We were aware of the limited budgets available and the theme of the games being aimed towards environmental concern so it was no surprise the fireworks whilst good, were not up to the standard of the 2012 London games, but well done Brazil.

Enjoy the closing fireworks ceremony, and if any of our local heroes are passing by head office near junction 36 of the M1, please pop in for a coffee and give us the opportunity to pass on our respect for a job well done.



It has been said by many that our fireworks are “out of this world”, referring to the quality and the excitement that seems to accompany them whenever the sky needs filling with colour.

Now the Japanese are planning to take fireworks to a whole new level and truly out of this world.

We have seen some pretty amazing scenes when it comes to the opening of the Olympic Games, who remembers the 1984 Los Angeles Olympic Games with the rocket man.

One of the most controversial Olympic opening ceremonies was the 2008 Games when China had us all fooled – for a very short time with their footprints in the sky which were in some part CGI images for the televised event.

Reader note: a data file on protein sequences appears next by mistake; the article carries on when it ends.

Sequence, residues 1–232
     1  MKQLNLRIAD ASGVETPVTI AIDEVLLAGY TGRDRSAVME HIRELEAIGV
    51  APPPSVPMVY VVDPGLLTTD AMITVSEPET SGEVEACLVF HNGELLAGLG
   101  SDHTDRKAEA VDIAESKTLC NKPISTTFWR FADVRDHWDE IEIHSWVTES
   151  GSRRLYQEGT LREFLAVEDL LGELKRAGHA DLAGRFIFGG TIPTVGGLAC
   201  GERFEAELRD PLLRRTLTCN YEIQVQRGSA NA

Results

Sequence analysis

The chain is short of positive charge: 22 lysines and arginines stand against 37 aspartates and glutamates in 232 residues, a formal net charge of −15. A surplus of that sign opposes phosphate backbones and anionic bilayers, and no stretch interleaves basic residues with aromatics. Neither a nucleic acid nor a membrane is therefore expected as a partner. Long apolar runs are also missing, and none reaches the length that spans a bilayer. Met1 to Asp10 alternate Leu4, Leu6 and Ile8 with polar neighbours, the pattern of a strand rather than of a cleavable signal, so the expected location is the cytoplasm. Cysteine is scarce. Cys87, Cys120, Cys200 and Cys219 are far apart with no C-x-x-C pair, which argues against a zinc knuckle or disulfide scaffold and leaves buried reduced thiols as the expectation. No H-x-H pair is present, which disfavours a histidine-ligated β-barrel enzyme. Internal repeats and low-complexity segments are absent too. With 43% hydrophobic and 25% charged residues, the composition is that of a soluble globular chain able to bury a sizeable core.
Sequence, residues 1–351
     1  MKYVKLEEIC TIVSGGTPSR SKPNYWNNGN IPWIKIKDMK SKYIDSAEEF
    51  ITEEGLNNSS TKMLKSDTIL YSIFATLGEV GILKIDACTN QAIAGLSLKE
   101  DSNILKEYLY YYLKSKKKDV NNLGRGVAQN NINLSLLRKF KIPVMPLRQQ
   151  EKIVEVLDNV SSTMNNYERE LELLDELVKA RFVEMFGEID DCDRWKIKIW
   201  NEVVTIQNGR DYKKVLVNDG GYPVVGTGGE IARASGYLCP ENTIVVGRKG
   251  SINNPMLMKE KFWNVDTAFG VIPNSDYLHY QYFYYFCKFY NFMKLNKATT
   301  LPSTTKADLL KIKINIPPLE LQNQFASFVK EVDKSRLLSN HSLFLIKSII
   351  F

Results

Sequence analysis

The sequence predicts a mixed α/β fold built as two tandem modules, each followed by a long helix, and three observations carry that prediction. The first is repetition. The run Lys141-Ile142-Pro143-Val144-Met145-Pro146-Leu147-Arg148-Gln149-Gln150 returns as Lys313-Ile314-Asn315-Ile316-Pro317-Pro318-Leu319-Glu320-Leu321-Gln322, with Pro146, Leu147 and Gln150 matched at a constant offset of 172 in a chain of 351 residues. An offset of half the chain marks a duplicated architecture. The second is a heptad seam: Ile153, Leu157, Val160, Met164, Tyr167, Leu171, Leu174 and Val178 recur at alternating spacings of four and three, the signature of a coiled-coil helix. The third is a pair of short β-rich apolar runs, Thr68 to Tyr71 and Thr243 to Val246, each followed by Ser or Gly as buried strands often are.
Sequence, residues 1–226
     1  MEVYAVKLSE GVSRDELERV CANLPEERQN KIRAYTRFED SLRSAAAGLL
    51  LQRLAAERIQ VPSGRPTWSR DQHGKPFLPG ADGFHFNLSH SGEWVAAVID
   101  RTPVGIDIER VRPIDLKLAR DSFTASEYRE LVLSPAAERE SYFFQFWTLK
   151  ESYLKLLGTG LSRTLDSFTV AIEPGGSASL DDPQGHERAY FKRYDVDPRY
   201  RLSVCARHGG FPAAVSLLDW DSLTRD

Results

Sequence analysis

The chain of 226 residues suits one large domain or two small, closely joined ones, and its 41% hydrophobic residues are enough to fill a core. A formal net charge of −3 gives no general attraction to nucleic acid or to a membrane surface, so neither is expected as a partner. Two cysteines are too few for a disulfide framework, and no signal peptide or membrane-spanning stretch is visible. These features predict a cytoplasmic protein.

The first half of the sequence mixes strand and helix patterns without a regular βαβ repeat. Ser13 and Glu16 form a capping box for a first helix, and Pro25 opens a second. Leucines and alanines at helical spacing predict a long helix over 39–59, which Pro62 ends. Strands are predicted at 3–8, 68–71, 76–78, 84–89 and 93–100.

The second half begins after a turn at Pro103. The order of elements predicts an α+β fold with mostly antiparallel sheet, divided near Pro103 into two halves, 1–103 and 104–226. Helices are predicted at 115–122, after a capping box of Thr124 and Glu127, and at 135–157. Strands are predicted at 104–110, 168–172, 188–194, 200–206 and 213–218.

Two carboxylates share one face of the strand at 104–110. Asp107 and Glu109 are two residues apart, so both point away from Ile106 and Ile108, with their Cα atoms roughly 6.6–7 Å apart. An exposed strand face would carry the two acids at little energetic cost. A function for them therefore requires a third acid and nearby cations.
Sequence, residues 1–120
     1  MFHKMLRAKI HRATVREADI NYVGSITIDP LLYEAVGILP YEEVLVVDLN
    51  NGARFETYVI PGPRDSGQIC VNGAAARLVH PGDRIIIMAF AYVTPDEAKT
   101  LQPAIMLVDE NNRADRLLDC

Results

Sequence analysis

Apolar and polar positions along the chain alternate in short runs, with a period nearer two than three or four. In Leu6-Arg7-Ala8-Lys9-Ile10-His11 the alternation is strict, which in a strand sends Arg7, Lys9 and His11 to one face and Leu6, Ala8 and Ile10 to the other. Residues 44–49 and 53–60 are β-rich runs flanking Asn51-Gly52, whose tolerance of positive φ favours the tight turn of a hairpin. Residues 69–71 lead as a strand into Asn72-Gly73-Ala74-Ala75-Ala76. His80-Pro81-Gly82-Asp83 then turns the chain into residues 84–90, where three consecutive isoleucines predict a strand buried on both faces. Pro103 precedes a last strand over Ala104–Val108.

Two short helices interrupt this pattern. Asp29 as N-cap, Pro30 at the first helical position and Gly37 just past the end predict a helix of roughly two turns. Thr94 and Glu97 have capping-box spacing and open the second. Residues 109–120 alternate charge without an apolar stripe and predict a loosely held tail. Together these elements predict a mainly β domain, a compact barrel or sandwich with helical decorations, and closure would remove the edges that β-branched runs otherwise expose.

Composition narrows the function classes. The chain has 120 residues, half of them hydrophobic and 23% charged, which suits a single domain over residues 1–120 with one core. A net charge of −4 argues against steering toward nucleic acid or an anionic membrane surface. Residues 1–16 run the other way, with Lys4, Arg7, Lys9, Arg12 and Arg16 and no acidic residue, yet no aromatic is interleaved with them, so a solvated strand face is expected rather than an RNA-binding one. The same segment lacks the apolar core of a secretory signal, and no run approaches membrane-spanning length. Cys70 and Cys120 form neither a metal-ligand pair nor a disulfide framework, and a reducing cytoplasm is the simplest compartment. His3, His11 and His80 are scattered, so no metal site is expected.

Dubbed “Sky Canvas” Tokyo based company “Star Ale” plan to launch up to 5000 small pellets made from different elements to produce diverse colours; these will be fired from a micro satellite high above the Earth. Following international agreements the launcher will be set to self-destruct after the display to prevent additional space debris.

When you consider each pellet measuring just a few millimeters across will cost around £5,500 each, then a satellite will have to be constructed to get the pellets into space and all the research costs involved it is not something that has been considered lightly.

The display itself will feature as one element of the opening ceremony for the 2020 Olympic Games in Tokyo, Japan and it will be fired by the space craft from between 35 and 50 miles. The show will be visible for approximately 120 miles radius and is expected to be seen by 30,000,000 spectators.

Bring it on.


London 2012 Paralympic Games